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Caetano Veloso @ Greek Theatre 04/15/10

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Caetano Veloso performing at the Greek Theatre | Photo by Randall Michelson

Caetano Veloso performing at the Greek Theatre | Photo by Randall Michelson
Nederlander Concerts kicked off the 2010 Los Angeles Greek Theatre season this past Thursday night and turned what could have been a chilly April evening into a joyous celebration of Tropicalia warmed by the music of Brazilian legend Caetano Veloso. With the cool, class and phrasing of an Andy Williams or Mel Torme, the visual lyricism of Pedro Almodovar (for whose films he has composed) and the politics of Zach De La Rocha, Veloso reached to touch every dimension of passion and love available to a master songwriter as if that was the easiest and most natural thing in the world to do. Judging by the respectful crowd seizing every opportunity to sing and dance with him—he was correct, and he succeeded.

In his 2002 memoir Tropical Truth: A Story of Music and Revolution in Brazil, Veloso wrote about the man that became his mentor and whom he refers to as ‘my supreme master,’ composer Jao Gilberto. And no less a figure than this same brilliant Gilberto describes Veloso as having made a contribution to the music of Brazil that provided ‘an accompaniment of thought’ to the maestros own music. It was this sense of passion, not bound, but lifted by thought, that was readily apparent in the April evening as Veloso’s eloquence and phrasing both wakened and soothed, reminded then calmed; as his music, his words and their delivery spoke to the audience whether their own pre and post show conversations were in Portuguese, Spanish or English.

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No matter the dimension of love or life he was exploring Veloso on the stage was as relaxed as if the audience were guests at his home. Whether he was singing about the beauty of his beloved Brazil, his feelings of loss and loneliness for family during his government imposed exile to England or romantic love—he was a man at peace. This is where his genius was most revealed. In both his writing and his performing Veloso foregoes agitation (even if his intended artistic destination is some place within the listener he knows is usually occupied by outrage or anger) and uses the beauty of his music, the poetic imagery of his lyric and the warmth of his voice as instruments wielded with respect for the emotional and intellectual maturity and integrity of his audience. Which isn’t to say he doesn’t understand beat, melody, harmony and dissonance as well as any composer of popular music that ever put fingers to frets or keys, it is just to point out that an evening with Veloso is surrender to a master. And so every song this Thursday evening, no matter what strings it tugged, no matter what deep pools it stirred along it’s musical and emotional journey, seemed a gift from the artist to each member of the audience.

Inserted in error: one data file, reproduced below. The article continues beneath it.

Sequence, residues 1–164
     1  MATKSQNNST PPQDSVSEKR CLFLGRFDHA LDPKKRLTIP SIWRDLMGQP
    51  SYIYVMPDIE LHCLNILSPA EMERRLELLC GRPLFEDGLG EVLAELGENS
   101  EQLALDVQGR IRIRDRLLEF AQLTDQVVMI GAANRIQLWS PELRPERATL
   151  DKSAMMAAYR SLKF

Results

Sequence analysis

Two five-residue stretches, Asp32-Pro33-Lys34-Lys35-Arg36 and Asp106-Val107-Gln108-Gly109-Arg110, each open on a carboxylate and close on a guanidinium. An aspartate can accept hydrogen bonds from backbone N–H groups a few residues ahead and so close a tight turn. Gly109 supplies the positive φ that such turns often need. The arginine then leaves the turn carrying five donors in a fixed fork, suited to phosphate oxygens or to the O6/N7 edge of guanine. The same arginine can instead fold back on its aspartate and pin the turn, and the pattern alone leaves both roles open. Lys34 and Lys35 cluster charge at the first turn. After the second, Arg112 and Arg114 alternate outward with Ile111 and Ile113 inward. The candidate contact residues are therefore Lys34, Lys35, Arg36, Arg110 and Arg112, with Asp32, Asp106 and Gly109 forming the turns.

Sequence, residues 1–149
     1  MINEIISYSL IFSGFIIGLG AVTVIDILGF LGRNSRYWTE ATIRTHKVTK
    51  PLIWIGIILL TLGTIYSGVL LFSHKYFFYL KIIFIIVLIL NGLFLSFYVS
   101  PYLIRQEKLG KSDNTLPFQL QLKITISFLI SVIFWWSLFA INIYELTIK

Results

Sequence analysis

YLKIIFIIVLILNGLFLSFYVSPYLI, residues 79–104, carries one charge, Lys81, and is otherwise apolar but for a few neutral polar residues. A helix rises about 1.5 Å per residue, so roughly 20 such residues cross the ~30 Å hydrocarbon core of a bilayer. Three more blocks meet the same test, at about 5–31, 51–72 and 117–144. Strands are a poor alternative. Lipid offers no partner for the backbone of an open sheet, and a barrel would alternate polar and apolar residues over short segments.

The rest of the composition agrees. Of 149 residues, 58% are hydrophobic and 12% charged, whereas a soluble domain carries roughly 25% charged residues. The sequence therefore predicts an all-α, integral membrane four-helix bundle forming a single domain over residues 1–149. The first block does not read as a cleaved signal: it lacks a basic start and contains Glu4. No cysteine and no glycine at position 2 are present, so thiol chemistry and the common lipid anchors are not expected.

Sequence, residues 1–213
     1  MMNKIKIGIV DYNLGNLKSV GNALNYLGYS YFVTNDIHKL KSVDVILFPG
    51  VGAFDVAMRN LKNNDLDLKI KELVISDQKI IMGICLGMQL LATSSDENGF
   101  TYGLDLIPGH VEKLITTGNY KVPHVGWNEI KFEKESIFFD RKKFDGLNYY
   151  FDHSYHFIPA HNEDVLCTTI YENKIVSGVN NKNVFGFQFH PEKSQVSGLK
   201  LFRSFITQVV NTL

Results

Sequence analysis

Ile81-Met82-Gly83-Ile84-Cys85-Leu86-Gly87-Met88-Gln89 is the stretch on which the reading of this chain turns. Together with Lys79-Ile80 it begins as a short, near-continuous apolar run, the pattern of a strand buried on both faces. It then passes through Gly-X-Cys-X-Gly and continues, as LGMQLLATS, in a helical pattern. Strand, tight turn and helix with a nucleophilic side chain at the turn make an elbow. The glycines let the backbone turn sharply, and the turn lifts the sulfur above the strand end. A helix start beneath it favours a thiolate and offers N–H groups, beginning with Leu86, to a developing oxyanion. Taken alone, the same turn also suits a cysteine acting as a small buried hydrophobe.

Drawing from a catalogue as far reaching as "Maria Bethania"—a song of subdued rage at being exiled from his country and his sister, whose name is also the song’s title— and classics such as "Sozinho," "Samba e Samba," "Lapa" and ‘first listen favorites’ from his wonderful new album Zii e Zie, transambas ("Perdeu," "Falso Leblon," "Base de Guantanemo"), Veloso rewarded the audiences admiration and enthusiasm with every selection he offered.

There was an unanticipated and definitely crowd pleasing moment when Veloso sat alone with his nylon string acoustic guitar and gave a Bossa Nova reading of Michael Jackson’s Billie Jean. And when that song maneuvered a beautiful chord laced path and somehow became Eleanor Rigby it made as perfect sense as if Michael Jackson and Lennon / McCartney has sat down to write them as companion pieces about existential loneliness together.

Veloso is indeed a master and Thursday evenings performance was one of beauty.

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Words by James Eliopulos
Photos by Randall Michelson